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The final area selected for this analysis using the social exchange theory is that of casual relationships within the community setting. Langlais and Schwanz (2017) observed that social interactions within a society would depend on the desire to pursue common security and improve the economic outcomes of the people. Using the selected model, Suhermin et al. (2019) realized that individuals who were not close would only be ready to exchange minimal information with one another. The existing desires or needs influenced the way such people interacted with each other and focused on the best ways to maintain positive relationships (Dunbar, 2015). This analysis reveals that exchanges would take place between two people depending on the nature of the established relationships and the anticipated gains or rewards. By monitoring the nature of such behaviors and provision of certain information types, bystanders or researchers could successfully guess the nature or level of the established interactions.
While these presentations try to describe social exchange theory as a powerful model for understanding human communication and social exchange, very little has been known about how such processes occur when people are interacting via social media platforms. Since these networks have become an integral part of the modern global community, human beings are successfully establishing virtual friendships that might not be extensively described or understood using social exchange theory (Nazir et al., 2018). This gap explains why scholars need to complete new studies to present high-quality information or explanation.
The above discussion has identified social exchange theory as a relevant and practical model for understanding human relationships. Individuals will identify specific friends or partners to share certain information or exchange resources depending on the established level of trust or intimacy. The theory is also appropriate for analyzing how various human relationships tend to develop, stabilize, or deteriorate. The only outstanding question is how this framework could describe the interactions and friendships emerging from social media networks. Future scholars can focus on the gap identified in the above section and undertake new studies to understand how social exchanges take place via the Internet or social media platforms. This kind of knowledge will guide more people to be prepared for potential challenges and barriers that might emerge when trying to establish or take online friendships to the next level.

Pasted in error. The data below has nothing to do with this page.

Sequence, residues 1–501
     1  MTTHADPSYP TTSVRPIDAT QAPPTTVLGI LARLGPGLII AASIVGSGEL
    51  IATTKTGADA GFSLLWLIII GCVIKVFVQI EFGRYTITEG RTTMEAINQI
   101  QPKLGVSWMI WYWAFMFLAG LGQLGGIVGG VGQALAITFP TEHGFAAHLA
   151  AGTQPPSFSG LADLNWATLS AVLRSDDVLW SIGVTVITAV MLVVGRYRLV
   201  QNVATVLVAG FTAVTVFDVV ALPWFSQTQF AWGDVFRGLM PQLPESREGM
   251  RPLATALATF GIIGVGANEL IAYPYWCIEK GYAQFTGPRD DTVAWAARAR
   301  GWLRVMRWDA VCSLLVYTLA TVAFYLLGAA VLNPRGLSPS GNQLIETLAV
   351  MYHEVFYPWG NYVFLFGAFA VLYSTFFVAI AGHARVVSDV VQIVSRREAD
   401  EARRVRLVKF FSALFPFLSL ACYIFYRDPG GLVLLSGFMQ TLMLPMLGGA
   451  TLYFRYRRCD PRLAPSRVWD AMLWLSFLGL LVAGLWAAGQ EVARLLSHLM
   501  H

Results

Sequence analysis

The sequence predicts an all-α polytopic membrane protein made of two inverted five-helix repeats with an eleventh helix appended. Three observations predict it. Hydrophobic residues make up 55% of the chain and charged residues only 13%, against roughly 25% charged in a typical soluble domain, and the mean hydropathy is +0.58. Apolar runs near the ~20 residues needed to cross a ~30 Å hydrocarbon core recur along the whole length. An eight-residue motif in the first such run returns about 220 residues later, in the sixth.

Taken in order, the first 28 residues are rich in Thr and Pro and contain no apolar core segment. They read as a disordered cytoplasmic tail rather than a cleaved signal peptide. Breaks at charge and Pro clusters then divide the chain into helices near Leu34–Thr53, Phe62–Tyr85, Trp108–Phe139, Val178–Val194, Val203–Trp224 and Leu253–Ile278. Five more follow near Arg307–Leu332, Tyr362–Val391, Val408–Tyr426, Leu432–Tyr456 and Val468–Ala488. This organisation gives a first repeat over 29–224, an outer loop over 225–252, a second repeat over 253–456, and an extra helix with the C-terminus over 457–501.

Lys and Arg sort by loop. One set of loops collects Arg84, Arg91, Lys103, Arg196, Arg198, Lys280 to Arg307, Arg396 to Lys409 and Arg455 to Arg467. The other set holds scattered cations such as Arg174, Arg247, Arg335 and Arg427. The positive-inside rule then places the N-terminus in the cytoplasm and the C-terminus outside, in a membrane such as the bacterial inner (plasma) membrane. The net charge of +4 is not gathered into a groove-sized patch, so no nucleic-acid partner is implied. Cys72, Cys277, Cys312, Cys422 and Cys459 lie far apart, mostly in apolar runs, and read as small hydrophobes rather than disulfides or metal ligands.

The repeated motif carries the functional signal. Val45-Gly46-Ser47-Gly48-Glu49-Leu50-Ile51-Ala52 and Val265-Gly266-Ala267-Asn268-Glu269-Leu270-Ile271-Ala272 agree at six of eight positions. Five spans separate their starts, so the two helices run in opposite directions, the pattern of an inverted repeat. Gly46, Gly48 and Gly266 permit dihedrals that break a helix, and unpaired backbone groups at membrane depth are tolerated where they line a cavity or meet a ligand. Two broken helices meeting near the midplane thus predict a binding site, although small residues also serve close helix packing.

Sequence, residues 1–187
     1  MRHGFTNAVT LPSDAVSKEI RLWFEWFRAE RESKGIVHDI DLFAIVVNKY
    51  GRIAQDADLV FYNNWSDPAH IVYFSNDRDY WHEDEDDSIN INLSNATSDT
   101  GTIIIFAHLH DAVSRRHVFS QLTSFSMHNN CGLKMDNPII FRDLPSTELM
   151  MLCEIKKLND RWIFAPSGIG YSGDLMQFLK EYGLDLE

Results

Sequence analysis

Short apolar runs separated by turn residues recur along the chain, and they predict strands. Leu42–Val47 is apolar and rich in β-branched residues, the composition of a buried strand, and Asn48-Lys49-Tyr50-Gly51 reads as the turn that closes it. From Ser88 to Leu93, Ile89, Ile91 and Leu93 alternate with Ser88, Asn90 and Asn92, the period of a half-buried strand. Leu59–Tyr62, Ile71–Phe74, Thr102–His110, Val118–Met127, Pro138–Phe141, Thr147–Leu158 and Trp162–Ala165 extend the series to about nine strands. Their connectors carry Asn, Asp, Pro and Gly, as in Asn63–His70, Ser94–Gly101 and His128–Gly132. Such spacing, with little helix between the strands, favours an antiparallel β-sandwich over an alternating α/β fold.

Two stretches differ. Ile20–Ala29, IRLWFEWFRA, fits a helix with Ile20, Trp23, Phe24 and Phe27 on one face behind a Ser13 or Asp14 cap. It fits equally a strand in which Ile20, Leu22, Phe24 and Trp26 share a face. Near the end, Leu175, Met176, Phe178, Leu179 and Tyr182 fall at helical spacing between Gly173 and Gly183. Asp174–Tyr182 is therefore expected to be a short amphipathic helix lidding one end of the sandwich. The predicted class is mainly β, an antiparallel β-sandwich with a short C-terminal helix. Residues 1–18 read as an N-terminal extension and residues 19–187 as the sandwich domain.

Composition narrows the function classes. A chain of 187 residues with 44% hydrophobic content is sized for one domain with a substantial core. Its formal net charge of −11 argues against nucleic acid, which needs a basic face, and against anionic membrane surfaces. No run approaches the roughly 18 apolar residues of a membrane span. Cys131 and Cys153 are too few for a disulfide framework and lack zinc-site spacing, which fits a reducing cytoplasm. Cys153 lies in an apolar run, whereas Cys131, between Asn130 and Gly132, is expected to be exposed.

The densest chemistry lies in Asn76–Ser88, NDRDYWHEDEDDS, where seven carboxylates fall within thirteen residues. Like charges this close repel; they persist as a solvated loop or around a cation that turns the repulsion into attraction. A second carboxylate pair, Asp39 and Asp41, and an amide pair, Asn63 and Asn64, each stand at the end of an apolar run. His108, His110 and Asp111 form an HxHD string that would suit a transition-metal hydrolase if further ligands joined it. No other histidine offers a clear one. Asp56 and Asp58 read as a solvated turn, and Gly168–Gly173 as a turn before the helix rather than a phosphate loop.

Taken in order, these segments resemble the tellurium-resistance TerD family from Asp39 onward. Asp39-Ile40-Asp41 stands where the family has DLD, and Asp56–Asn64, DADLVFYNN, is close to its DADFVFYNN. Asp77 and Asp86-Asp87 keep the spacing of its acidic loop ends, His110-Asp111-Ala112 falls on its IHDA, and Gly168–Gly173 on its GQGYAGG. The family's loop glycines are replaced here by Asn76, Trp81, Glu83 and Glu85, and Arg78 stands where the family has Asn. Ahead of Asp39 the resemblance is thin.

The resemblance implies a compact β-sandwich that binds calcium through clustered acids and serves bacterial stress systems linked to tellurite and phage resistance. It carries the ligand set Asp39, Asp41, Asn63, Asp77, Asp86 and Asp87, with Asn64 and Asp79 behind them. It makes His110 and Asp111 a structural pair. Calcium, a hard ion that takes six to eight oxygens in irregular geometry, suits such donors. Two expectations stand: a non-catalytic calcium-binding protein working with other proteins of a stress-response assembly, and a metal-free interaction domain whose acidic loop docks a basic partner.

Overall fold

Campbell, K., Nelson, J., Parker, M. L., & Johnston, S. (2018). Interpersonal chemistry in friendships and romantic relationships. Interpersona, 12(1), 34-50.
Dunbar, N. E. (2015). A review of theoretical approaches to interpersonal power. Review of Communication, 15(1), 1-18.
Langlais, M., & Schwanz, S. (2017). Religiosity and relationship quality of dating relationships: Examining relationship religiosity as a mediator. Religions, 8, 187-198.
Lantagne, A., & Furman, W. (2017). Romantic relationship development: The interplay between age and relationship length. Development Psychology, 53(9), 1738-1749.
Nazir, S., Qun, W., Hui, L., & Shafi, A. (2018). Influence of social exchange relationships on affective commitment and innovative behavior: Role of perceived organizational support. Web. Sustainability, 10(), 4418-4437.
Nunkoo, R. (2016). Toward a more comprehensive use of social exchange theory to study residents’ attitudes to tourism. Procedia Economics and Finance, 39, 588-596.
Suhermin, Subardjo, A., & Harjanti, W. (2019). The impact of social exchange theory implementation over organizational attitude and behavior. International Journal of Scientific and Research Publications, 9(7), 435-445.